Do you regularly choose not to share your authentic thoughts and emotions with those closest to you because you fear their disapproval, or so that you can manage what they think and feel about you?
When someone in your life is unhappy about something you said or did, do you automatically apologize or say something that is not true for you in order to alter their perception of—or feelings about—you?
Do you often spend time thinking and strategizing about what you could say or do to get another person to do or say what you would like them to?
Do you spend time on a regular basis worrying about what others are thinking or saying about you?
Do you often go out of your way to do something for another person, or agree to do something another person wants you to do, even though you don’t want to?
Do you regularly violate your own boundaries or values to please others or gain their approval?
If you answered yes to two or more, you are likely struggling with codependency.
I recommend picking up a copy of either book referenced above to learn more about codependency, and how to overcome it.
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© Vicki Tidwell Palmer, LCSW (2018)
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Thank you for this very helpful post. Apparently I DO struggle with codependency since I answered “yes” to 4 of these questions! Through therapy I am learning about my Family of Origin and why it has caused me to make certain decisions and choices in my life, including choosing my husband, who turns out is a sex addict – who knew?! I have also realized that I was raised to seek others approval and not to trust my own decisions – what do others think of me? What do I need to do/say to get their approval? What’s wrong with me? So for 17+ years I have wondered why am I not happy?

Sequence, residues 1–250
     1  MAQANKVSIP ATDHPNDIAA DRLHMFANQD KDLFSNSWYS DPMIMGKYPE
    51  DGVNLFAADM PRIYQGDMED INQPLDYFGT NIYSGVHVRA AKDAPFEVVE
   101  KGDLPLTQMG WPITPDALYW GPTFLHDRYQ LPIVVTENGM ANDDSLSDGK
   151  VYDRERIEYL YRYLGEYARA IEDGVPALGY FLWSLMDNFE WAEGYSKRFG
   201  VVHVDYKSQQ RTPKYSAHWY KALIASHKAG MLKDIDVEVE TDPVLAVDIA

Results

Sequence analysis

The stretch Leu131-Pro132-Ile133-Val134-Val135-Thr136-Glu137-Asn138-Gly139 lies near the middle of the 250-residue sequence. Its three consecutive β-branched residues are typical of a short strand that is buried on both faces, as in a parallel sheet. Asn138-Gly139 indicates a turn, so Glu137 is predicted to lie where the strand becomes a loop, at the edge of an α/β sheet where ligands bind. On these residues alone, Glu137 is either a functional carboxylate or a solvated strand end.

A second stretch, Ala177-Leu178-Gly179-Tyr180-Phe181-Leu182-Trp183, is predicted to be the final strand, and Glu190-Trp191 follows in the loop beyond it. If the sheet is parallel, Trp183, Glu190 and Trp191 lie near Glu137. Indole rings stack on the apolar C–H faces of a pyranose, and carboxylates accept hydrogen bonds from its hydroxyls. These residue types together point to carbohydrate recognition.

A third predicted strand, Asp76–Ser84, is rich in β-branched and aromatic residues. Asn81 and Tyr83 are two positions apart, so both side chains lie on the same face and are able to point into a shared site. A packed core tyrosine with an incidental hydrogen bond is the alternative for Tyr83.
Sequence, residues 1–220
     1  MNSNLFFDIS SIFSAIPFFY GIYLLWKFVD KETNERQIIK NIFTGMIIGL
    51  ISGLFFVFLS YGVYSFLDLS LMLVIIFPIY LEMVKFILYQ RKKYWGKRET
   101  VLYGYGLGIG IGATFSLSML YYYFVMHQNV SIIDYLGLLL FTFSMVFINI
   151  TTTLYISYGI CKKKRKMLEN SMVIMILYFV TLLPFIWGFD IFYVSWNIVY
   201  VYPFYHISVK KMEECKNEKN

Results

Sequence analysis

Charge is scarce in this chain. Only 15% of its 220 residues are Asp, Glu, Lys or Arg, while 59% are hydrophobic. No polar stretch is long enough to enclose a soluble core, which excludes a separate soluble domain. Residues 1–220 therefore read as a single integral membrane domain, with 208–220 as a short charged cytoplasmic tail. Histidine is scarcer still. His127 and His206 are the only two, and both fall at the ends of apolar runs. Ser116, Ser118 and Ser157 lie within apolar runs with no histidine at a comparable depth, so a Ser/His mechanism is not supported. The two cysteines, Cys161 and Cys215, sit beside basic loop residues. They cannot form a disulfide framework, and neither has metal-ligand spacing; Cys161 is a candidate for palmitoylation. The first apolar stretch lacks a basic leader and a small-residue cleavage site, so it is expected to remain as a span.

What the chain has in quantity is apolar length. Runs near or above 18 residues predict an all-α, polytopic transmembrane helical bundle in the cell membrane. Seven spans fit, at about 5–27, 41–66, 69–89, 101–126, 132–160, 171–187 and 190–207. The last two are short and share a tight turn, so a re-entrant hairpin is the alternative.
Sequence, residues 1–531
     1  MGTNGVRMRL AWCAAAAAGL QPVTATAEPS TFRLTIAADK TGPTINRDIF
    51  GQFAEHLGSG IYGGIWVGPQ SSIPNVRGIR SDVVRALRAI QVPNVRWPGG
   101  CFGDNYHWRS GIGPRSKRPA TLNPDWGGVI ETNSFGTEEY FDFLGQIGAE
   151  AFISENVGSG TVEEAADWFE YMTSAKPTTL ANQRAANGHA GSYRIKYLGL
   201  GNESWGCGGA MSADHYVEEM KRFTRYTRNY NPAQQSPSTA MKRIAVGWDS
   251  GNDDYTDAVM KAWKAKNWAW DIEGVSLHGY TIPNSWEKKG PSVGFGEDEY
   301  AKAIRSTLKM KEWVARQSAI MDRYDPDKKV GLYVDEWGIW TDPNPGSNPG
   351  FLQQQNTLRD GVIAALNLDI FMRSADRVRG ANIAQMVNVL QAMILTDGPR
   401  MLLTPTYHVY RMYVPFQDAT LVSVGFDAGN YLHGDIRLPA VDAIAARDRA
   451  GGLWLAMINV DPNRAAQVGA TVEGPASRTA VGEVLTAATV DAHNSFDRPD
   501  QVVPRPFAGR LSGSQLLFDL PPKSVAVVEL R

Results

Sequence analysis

I am currently in a therapeutic separation, which I asked for so that I can learn more about MYself and gain my own identity and self esteem. Going to my therapist on a regular basis, connecting with my church and surrounding myself with people that love me and respect me. And it’s working!
Vicki, your posts and articles are very helpful to me, thank you so much!
Vicki Tidwell Palmer says
You’re welcome Cindy, so glad the info was helpful to you!
Vicki Tidwell Palmer says
Hi Kate, thanks for adding to the conversation. It’s interesting that the definition of trauma is as complex and controversial as the definition of codependency. There are many definitions for each of these concepts, and there is disagreement in the therapeutic community about how to define and conceptualize both.
I am a trained trauma therapist (in relational, somatic, and family of origin trauma), and have met, attended conference presentations, and am familiar with the work of both individuals you mention. I’m a firm believer in the both/and approach—rather than the either/or approach—when it comes to trauma and codependency in betrayed partners, or partners of addicts in general. Codependency, as I conceptualize it, is pervasive in western culture beyond the addiction and recovery community, and can prevent a betrayed partner from doing effective boundary work, which is so crucial for her/his healing.
See my article Co-Addict or Trauma Survivor? (also included in my book, Moving Beyond Betrayal) for more info.